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Bebop Spoken There

Frank Tate: “Travelling’s part of life. It just goes with the job. It’s in one’s best interests, I think, to enjoy it, because it’s sure what you’re gonna be doing!” – (Jazz Journal February 1992)

Joe Temperley"I was on the bus as Carney's replacement. I said to Harold Ashby 'Where are we going?' He answered 'What difference does it make?' " - (Jazz UK January 2013.)

Archives.

Today Sunday January 22

Afternoon.
Joel Byrne McCullough (solo guitar) - Cherry Tree Restaurant, 9 Osborne Rd., Jesmond, Newcastle. 12:30pm. Free.
Going Dutch (part 1 of Double Dutch gig) - Lit & Phil, 23 Westgate Rd., Newcastle NE1 1SE. 2pm. £12/£10. JNE.
Alan Law - Redwood Bar, Vermont Hotel, Castle Garth, Newcastle NE1 1RQ. Free 2.pm 0191 2331010.
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Musicians Unlimited - Park Hotel, Park Rd., Hartlepool TS26 9HU. 01249 233126.1pm. Free.
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Evening
Going Dutch (part 2 of Double Dutch gig) - Lit & Phil, 23 Westgate Rd., Newcastle NE1 1SE. 7pm. £12/£10. JNE.
Anth Purdy & Friends - Prohibition Bar, Arch 3, Brandling St., Gateshead NE8 2BA. 6pm. Free with a 'jar at the bar' collection.
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Jam Session - Empty Shop, 35c Framwellgate Bridge, Durham DH1 4SY. 7:30pm. Free.
To the best of our knowledge, details of the above events are correct but may be subject to alteration.

Tuesday, June 03, 2014

CD Review: Nick Malcolm Quartet - Beyond These Voices

Nick Malcolm (trumpet), Alexander Hawkins (piano), Olie Brice (double bass) &  Mark Whitlam (drums) + Corey Mwamba (vibraphone)
(Review by Russell).
Beyond These Voices is the Nick Malcolm Quartet’s second CD release in three years. Trumpeter Malcolm has recruited some of the key figures of a new generation of UK musicians working across a shifting, frequently invisible, boundary of composed and improvised music. Seven of the nine tracks are Malcolm compositions, the others are improvised pieces (one by Malcolm and bassist Olie Brice, one by pianist Alexander Hawkins and drummer Mark Whitlam).
Sidereal hears Malcolm’s full-toned trumpet coaxed by Hawkins, underpinned by the brushes then sticks of Whitlam. There’s Lead in Their Pencils is a tumbling, off kilter bop-like workout wrapped up in guest Corey Mwamba’s playful interjections. Grimes opens with Malcolm’s exposed trumpet intent on making a statement come what may. Whitlam goes with him, Hawkins deliberates over dark chords, then fade into silence. Out of the nothingness Hawkins momentarily revives the piece, then once more falls silent. The first of two improvisations engages Malcolm and Brice in a short, faltering conversation with, perhaps, things to be said another time. Corey Mwamba returns on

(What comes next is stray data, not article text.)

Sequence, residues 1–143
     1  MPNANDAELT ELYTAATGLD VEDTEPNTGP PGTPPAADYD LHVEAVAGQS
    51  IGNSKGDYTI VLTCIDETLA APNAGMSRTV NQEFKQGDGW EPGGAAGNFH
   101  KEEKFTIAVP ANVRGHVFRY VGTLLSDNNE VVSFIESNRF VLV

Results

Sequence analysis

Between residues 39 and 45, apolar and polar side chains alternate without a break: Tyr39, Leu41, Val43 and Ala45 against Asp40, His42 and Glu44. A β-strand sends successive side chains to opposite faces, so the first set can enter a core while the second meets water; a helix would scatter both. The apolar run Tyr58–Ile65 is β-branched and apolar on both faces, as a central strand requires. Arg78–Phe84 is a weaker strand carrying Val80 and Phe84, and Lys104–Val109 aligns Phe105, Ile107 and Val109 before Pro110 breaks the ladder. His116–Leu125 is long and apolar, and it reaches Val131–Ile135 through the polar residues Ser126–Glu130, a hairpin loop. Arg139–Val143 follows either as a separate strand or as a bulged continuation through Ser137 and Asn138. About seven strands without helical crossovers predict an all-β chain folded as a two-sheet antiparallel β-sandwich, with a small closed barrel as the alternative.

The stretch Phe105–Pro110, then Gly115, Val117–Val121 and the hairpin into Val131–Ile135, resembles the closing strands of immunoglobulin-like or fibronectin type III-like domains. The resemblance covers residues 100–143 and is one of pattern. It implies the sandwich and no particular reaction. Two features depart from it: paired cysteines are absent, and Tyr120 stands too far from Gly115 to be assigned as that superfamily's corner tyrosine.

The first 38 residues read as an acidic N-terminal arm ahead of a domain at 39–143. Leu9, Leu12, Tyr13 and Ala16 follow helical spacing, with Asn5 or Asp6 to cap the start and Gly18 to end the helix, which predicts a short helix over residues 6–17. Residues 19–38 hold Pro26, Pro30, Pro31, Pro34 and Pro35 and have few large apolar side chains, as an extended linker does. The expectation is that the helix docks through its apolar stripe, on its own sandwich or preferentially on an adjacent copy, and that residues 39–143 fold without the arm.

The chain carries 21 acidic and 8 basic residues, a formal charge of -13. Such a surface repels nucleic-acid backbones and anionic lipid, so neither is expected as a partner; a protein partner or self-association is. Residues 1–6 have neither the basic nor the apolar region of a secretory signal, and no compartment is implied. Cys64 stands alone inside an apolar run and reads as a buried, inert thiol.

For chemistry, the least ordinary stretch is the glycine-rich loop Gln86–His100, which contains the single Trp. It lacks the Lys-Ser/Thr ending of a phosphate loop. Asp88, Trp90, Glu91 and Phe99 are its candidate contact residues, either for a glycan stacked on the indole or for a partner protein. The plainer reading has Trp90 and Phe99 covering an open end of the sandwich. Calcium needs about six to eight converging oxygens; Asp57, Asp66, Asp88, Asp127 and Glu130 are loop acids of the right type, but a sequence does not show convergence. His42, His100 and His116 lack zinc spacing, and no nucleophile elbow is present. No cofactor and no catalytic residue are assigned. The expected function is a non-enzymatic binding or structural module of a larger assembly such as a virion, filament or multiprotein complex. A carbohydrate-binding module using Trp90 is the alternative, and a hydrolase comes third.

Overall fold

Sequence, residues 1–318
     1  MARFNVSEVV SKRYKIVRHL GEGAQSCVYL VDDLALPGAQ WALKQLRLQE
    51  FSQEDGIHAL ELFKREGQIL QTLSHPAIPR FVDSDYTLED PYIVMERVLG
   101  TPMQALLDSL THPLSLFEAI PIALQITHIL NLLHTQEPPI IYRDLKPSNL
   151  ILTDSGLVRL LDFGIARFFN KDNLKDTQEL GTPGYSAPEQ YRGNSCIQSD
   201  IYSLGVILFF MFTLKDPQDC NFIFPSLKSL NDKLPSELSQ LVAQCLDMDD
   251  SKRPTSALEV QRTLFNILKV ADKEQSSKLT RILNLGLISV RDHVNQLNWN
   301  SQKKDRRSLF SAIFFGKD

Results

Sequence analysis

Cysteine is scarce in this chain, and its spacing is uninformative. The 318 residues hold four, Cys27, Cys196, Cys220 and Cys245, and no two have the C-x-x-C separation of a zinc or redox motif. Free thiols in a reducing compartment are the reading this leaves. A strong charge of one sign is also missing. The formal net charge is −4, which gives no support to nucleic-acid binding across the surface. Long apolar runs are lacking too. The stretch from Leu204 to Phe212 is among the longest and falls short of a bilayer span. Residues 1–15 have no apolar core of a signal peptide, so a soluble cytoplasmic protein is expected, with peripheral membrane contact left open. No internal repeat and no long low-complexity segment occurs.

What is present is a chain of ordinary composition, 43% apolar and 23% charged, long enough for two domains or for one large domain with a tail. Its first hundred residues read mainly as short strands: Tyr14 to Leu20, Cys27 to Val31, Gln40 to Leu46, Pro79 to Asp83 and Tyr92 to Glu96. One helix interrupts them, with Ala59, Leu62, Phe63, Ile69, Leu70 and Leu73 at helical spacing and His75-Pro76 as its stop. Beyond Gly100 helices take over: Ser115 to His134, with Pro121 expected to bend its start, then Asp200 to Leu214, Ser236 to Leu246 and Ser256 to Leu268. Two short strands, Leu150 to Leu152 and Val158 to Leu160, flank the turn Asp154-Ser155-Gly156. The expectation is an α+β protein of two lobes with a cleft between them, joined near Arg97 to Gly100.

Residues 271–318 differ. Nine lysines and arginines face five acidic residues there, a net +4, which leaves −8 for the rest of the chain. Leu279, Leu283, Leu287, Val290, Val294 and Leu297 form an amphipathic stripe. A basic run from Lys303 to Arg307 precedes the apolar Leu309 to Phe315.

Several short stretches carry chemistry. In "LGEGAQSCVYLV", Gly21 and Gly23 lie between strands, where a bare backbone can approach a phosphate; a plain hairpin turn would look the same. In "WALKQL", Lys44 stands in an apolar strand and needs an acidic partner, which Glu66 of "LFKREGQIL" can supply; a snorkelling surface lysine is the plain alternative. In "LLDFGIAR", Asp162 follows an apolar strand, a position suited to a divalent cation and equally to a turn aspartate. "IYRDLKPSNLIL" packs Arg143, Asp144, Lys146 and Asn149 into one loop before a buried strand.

Views in what could be described, in another context, a lush ballad. Mwamba features again on A Very Blusterous Day and the augmented group certainly blows up a storm. Improvisation II pairs Hawkins and Whitlam in another to-be-continued dialogue, cut short by some serious playing on It’s Alright, We’re Going to the Zoo. Olie Brice’s neo    -funk bass line tempts Whitlam to take it in a drum ‘n’ bass direction amidst an all too short rhythmic pattern on which Malcolm rides triumphant. The album closes with Where, Beyond These Voices, There is Peace. Nick Malcolm has written of his interest   in the silence beyond the notes. Music is about the silence, its intervals, the emergent sound is the music. Malcolm’s trumpet is curious as to what lies beyond. His journey is only just beginning. Beyond These Voices is a favourite album of 2014. It is available now on Green Eyes Records (GE15).   
Russell.

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Bebop Spoken Here -- Here, being the north-east of England -- centred in the blues heartland of Newcastle and reaching down to the Tees Delta and looking upwards to the Land of the Kilt.
Not a very original title, I know; not even an accurate one as my taste, whilst centred around the music of Bird and Diz, extends in many directions and I listen to everything from King Oliver to Chick Corea and beyond. Not forgetting the Great American Songbook the contents of which has provided the inspiration for much great jazz and quality popular singing for round about a century.
The idea of this blog is for you to share your thoughts and pass on your comments on discs, gigs, jazz - music in general. If you've been to a gig/concert or heard a CD that knocked you sideways please share your views with us. Tell us about your favourites, your memories, your dislikes.
Lance (Who wishes it to be known that he is not responsible for postings other than his own and that he's not always responsible for them.)
Contact: lanceliddle@gmail.com I look forward to hearing from you.

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